They are both performance cruising boats, but I liked the idea of getting speed by having a longer boat with a smaller sailplan as opposed to a shorter boat with a bigger sailplan. It feels safer to me.

Having said all of this, there are lots of Spirited kits being built, so obviously not everyone has the same priorities. For some simply being over 40 feet in length excludes the 44C, due to marina fees, which usually increase at the 12metre mark.
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Old 27-08-2008, 14:53   #40
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44 CC
Small correction. Only the longitudinal tapes were done upside down and they were done after the temps are removed. The bulkhead coves and tapes were done after being turned. Many people do ALL the coving and taping after the hulls are turned.

Mike
OK thanks. It's just that in one of your photo's the bulkhead which is visible is mostly glued in. The Wilderness builder I visited was gluing and taping his bulkheads while the boat was inverted, because he wanted to get "wet on wet" bond. He wasn't having much fun.

As we agree, building the hulls IS only a small proportion of the build. It does seem to take on a disproportionate amount of importance to potential builders, at the start, me included.

I'll add one thing though, a good friend is building a round bilge boat using vertical strip foam and glass. That is one HUGE job. He's been fairing the hulls all of this year, and he did a very careful and precise job setting up the foam to minimise fairing. I'd estimate the boat is going to take him at least 10,000 hours, for a 40 footer.
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Old 27-08-2008, 15:52   #41
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If it takes 6000 hours to build a catamaran, how long does each part to put together hull, furnishings, electronics, etc. An estimated?

Mostly of all kitīs use wood in plastic, and i know a company in uk they say NO wood inside plastic when building a boat. Scorpion Ribs
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Old 28-08-2008, 00:36   #42
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The Spirited comes with an internal fitout kit in Featherlight. I don't consider Featherlight to be a suitable boat-building material. It has a paper core which disintegrates if it gets wet. You could possibly substitute Duflex for the Featherlight, but that would add even more to the cost. I'm also not sure if Craig Schionning would allow it.

.


44c I detect you are having a lend of me, so to speak.If featherlight is no good inside the boat sheethed in epoxy the balsa is a strange choice by you for beneath the waterline.
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Old 28-08-2008, 02:23   #43
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44
That short piece of cove was just a bit of left over Microspheres, can't waste it. I always try to have a plan as to where to put any left over resin, glue, filler or bog. Doing the coving inverted is a huge pain, figured that out pretty quick.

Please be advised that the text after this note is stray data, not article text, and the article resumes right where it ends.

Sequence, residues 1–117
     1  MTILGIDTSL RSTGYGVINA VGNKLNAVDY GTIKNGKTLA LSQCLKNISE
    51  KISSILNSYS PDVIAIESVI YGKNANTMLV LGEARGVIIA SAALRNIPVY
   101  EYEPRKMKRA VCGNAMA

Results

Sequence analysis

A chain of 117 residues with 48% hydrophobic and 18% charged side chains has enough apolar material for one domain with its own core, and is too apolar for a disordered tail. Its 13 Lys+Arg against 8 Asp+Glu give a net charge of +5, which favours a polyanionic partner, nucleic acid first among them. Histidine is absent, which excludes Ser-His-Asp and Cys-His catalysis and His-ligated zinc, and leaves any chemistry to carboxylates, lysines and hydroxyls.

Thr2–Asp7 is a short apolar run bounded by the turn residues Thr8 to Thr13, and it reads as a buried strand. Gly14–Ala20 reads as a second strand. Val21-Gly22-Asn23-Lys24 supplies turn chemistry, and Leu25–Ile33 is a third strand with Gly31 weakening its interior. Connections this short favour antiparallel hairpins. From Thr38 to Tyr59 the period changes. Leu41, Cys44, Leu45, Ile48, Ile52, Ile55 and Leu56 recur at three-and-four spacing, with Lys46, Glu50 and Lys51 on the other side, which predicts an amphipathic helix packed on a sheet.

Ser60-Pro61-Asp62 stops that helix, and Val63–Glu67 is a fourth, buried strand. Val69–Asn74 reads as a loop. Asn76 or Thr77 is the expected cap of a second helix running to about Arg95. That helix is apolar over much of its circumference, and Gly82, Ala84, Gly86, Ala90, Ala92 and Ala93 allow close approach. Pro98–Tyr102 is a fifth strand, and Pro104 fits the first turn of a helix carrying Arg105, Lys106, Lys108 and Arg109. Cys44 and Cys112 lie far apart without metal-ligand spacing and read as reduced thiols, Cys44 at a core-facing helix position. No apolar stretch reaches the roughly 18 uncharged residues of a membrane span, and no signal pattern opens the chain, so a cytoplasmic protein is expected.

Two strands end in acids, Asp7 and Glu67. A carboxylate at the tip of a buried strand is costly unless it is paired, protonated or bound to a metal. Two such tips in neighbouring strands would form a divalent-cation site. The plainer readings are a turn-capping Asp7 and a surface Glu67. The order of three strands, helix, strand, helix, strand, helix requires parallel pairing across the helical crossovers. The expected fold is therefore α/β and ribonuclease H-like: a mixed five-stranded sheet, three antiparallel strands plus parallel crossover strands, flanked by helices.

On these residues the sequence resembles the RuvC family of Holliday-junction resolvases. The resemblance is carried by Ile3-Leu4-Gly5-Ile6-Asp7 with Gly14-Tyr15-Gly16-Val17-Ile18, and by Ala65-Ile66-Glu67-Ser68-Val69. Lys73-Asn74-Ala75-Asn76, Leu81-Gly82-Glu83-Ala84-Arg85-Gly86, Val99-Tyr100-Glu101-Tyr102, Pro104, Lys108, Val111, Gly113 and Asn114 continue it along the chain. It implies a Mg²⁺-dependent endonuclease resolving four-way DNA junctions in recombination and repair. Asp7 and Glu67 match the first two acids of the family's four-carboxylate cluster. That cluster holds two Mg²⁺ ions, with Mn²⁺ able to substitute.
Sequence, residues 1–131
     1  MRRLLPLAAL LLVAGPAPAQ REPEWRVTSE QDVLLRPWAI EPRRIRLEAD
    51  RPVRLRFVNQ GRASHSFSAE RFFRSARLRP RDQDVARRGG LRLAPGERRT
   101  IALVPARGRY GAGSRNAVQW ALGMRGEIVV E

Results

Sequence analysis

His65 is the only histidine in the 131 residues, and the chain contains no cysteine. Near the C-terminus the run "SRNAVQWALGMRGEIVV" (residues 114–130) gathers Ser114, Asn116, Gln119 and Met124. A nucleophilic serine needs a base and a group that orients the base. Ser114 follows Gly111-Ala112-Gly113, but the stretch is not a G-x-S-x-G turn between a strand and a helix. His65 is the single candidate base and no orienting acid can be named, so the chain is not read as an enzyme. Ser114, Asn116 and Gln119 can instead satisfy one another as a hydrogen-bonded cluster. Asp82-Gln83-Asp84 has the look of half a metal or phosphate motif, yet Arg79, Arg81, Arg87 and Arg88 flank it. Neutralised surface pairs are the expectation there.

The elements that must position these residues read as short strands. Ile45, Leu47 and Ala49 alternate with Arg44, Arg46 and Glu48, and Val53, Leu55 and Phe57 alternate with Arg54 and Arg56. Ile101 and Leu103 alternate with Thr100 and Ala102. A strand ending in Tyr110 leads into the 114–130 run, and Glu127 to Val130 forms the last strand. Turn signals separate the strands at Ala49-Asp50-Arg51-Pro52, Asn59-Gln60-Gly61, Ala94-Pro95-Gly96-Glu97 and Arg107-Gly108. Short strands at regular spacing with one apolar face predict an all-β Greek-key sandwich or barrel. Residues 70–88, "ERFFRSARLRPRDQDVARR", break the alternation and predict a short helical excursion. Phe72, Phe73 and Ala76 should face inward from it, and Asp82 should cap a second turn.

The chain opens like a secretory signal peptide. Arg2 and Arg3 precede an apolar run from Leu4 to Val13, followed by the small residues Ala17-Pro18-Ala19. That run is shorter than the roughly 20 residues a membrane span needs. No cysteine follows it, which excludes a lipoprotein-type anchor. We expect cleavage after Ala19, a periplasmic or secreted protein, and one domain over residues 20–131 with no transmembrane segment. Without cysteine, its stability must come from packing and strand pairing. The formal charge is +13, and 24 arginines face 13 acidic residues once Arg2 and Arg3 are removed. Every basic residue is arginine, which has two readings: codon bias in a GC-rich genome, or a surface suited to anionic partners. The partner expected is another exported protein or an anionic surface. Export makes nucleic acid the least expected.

The featherlight is paper with a phenolic resin binder so it isn't that bad but it does need attention to ensure it is sealed properly. Quite a widely used material for furniture inside the cabin. Cockpit furniture should be more substantial.

Freetime
I am only part way into the hull, a bit over 1,000 hours. I would think probably about 2,000 total to finish to lockup with furniture basically installed. A few hundred hours to cut and fit doors, hatches etc. Then fairing, according to experienced others, anywhere from 500 to 1500 hours depending on how fussy one gets. I have already done both bums to above the outside visible chine and above the chamfer panel join as well as under the bridge deck, just the chamfer to bridgedeck join to finish the underside. Fitting out all the equipment shouldn't be too difficult as I am building in plenty of 4" x 2" ducting as I go. I think Schionnings estimate of 4,000 should be close to reasonable.

Have a look at Pauls build blog for an extremely detailed blow by blow description of a 12.3 Wilderness build.
Mahna Mahna

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Old 28-08-2008, 02:48   #44
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to cut down fairing dramatically go with a spray bog, goes on nice and thick and EVEN, took me one week to completely refair 2 40 ft hulls to perfection, also build a ply boat only 2000hrs to finish instead of 4000
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Old 28-08-2008, 04:12   #45
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fuzz40, spirited380 or.......

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to cut down fairing dramatically go with a spray bog, goes on nice and thick and EVEN, took me one week to completely refair 2 40 ft hulls to perfection, also build a ply boat only 2000hrs to finish instead of 4000
sean

You're dead right Sean, if a fast and cheap build is what you want.Build an Easy. Having recently looked over a couple I'm a little worried about their resale value though, as it appears some of the builders are using cheap imported plywoods or downgrade unseasoned hoop pine ply, that are surface checking after only a couple of years, even though it has been epoxy coated. Got to be a worry.